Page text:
Origins of Murano Glass
Glass making in Venice goes back to Roman Empire. The Roman Empire introduced glassmaking in the form of vases, vessels, and bottles to the continent of Europe over 2000 years ago. Molded glass were used in bathhouses in Roman Empire. The fall of the Roman Empire led to a brief decline in glassmaking, but the city of Venice soon reestablished itself as an international trading center. Venetian Glass making originated in Venice in the ninth century. In 1292, The Venetian Republic, afraid of the fire, ordered the glassblowers to move to a small island - Murano. Venice in that period was built of wood and fire was not exactly welcome, the kilns kept starting fires in Venice. By the fourteenth century the 3000 inhabitants of the island became some of the most respected and revered citizens in all of Venice, granted special privileges and favors by the Republic. Murano then developed into a rich village.
Murano is a suburb of Venice dating back to the middle ages. It is known for its as the purest and most crystal clear glass to be found anywhere on earth. To obtain clarity of glass, glass makers strived to acquire only the best of raw materials necessary. Ordinary sand was replaced by quartz pebbles collected from the river beds of the Ticino and the Adige rivers. These pebbles, called cogoli, were a source of nearly pure, naturally occurring silica for glass makers in Murano. After passing inspection these pebbles were heated until they glowed then dipped in cold water. Following this treatment the pebbles were crushed and ground into a fine powder. The finer the cogoli; the more beautiful the end product.
Murano Glass Making Techniques are :
What made Murano and it’s glassmakers special ?
They were the only people in Europe who knew how to make glass mirrors. They also developed or refined technologies such as crystalline glass, enameled glass , glass with threads of gold , multicolored glass and imitation gemstones made of glass. Their virtual monopoly on quality glass lasted for centuries, until glassmakers in Northern and Central Europe introduced new techniques and fashions around the same time that colonists were emigrating to the New World.
Murano was a commercial port as far back as the 7th Century, and by the 10th Century it had grown into a prosperous trading center with its own coins, police and commercial aristocracy. Then, in 1291, the Venetian Republic ordered glassmakers to move their foundries to Murano because the glassworks represented a fire danger in Venice, whose buildings were mostly wooden at the time. In no time Murano's glassmakers were the leading citizens on the island. Artisans working in the glass trade were well rewarded for their efforts. They had a privileged social status, and their daughters were allowed to marry into the wealthiest Venetian families. However glassmakers weren't allowed to leave the Republic. If a craftsman got a hankering to set up shop beyond the Lagoon, he risked being assassinated or having his hands cut off .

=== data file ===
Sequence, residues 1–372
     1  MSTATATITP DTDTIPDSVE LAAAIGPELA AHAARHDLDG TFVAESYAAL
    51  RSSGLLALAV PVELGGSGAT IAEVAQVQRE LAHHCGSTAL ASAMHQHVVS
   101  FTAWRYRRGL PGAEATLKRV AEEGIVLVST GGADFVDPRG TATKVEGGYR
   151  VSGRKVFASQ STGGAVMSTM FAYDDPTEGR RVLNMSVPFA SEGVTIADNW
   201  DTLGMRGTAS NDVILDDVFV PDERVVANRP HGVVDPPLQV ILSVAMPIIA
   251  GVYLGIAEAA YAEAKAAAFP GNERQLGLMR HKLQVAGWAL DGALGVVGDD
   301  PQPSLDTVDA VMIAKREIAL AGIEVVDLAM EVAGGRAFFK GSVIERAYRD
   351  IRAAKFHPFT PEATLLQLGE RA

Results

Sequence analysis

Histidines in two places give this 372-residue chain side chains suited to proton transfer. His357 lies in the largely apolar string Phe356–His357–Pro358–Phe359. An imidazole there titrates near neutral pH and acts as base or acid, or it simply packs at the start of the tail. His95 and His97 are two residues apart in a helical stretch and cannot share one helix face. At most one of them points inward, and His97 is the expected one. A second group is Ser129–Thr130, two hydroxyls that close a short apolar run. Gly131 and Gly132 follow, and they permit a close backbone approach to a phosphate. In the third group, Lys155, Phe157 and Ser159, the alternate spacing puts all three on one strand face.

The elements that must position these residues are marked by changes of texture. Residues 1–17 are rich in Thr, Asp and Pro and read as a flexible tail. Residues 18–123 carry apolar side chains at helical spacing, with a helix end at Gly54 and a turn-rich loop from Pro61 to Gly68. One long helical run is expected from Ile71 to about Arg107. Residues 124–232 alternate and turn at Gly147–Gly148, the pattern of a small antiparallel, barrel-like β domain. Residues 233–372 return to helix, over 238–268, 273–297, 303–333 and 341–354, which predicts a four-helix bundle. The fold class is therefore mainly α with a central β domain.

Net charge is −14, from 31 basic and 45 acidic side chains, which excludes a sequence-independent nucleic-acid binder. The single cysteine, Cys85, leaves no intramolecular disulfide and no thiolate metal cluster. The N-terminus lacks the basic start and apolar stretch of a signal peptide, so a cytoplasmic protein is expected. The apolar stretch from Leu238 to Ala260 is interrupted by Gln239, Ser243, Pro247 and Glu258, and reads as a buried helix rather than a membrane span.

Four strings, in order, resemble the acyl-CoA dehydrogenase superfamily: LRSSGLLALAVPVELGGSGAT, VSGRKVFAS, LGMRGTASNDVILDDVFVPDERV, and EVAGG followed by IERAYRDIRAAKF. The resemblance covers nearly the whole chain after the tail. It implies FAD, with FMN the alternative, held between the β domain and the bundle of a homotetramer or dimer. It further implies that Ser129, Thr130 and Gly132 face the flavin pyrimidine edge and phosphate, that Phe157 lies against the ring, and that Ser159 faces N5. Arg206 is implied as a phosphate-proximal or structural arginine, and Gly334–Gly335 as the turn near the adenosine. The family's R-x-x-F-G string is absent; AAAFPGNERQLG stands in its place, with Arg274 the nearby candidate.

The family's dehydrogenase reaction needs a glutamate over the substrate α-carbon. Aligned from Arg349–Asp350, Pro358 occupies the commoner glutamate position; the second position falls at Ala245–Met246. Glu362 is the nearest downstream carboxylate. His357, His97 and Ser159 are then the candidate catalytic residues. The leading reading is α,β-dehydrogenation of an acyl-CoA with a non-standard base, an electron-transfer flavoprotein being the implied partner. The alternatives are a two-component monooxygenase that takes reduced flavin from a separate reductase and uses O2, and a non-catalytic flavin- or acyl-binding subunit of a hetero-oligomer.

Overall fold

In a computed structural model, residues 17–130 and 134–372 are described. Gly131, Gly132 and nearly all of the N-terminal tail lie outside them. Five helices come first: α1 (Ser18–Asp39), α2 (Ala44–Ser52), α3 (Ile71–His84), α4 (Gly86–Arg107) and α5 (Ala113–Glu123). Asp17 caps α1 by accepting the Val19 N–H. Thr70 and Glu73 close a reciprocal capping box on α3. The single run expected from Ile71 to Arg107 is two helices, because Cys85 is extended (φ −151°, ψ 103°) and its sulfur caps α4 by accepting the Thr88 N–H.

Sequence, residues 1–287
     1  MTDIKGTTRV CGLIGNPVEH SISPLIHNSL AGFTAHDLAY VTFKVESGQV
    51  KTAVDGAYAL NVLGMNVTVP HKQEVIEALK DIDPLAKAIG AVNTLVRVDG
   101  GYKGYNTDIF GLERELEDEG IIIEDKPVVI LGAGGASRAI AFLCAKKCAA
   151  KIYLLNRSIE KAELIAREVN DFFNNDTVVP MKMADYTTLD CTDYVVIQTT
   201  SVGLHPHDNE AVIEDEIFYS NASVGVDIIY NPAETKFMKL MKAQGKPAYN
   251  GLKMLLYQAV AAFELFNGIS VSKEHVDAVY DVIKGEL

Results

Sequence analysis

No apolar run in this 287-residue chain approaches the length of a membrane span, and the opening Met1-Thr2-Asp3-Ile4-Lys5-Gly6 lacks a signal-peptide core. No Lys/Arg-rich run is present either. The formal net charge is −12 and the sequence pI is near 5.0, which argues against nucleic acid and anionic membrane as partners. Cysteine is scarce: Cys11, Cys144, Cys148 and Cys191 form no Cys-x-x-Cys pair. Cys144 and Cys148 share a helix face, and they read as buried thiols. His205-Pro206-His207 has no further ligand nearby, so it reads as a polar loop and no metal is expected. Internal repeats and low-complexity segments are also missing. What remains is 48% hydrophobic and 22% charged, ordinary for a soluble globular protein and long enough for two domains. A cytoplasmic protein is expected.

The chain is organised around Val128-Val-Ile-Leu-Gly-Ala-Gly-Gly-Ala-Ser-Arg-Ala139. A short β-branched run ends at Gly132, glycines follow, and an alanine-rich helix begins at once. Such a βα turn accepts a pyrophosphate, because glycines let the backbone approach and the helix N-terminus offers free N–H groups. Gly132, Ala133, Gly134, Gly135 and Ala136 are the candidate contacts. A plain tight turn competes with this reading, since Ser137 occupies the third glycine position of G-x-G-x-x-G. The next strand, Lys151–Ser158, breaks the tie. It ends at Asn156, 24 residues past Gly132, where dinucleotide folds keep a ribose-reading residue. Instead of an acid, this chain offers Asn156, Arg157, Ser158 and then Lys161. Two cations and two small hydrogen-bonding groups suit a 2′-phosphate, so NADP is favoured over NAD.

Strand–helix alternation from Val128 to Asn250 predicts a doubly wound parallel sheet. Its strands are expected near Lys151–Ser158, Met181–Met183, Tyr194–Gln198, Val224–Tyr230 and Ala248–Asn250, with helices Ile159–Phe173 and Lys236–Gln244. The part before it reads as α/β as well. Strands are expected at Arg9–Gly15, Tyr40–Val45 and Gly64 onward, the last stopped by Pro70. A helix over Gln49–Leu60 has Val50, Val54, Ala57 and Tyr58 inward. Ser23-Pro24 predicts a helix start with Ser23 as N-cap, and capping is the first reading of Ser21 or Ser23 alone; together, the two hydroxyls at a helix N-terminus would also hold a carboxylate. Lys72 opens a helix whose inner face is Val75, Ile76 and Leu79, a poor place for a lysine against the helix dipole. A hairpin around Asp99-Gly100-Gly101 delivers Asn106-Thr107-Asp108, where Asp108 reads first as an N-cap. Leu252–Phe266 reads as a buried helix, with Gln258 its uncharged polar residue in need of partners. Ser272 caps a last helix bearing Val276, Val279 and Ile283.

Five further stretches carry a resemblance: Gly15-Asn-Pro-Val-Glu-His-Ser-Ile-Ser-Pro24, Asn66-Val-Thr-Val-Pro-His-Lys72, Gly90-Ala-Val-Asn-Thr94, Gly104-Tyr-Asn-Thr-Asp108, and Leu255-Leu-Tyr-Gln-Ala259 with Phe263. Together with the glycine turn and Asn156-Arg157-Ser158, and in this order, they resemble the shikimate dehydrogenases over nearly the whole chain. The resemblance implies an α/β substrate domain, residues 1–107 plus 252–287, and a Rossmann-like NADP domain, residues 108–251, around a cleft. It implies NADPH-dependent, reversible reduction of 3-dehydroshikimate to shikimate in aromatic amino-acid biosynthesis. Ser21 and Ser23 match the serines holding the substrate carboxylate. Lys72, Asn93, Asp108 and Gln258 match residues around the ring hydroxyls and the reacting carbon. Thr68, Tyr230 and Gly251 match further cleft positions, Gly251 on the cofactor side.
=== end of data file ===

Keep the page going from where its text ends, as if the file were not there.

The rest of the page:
Venetian glass reached the peak of its popularity in the 15th and 16th centuries.
Starting from the 17th century, Murano glass entered the period of gradual decline.
In 1814, setback in the fortunes of the Republic came with the conquest of Venice by Napoleon in 1797 and the subsequent transfer in 1814 of Venice to the Hapsburg Empire. Habsburg rulers preferred their native glassmaking center in Bohemia and passed laws making it prohibitively expensive to bring necessary raw materials into Murano and export the final product. As a result, almost half of the 24 furnaces that existed in Murano in 1800 shut down by 1820, and only 5 furnaces continued to produce blown glass. However, against all odds, the industry didn’t die completely. However, in the mid-19th century the tide of decline was reversed. For the first time in many years a new glass furnace was established. The firm called Fratelli Toso was inaugurated in 1854, and this was followed by another firm in 1859 called Salviati. Both firms initiated with utilitarian products, the first to make every-day glassware, the second to produce tiles to repair mosaics.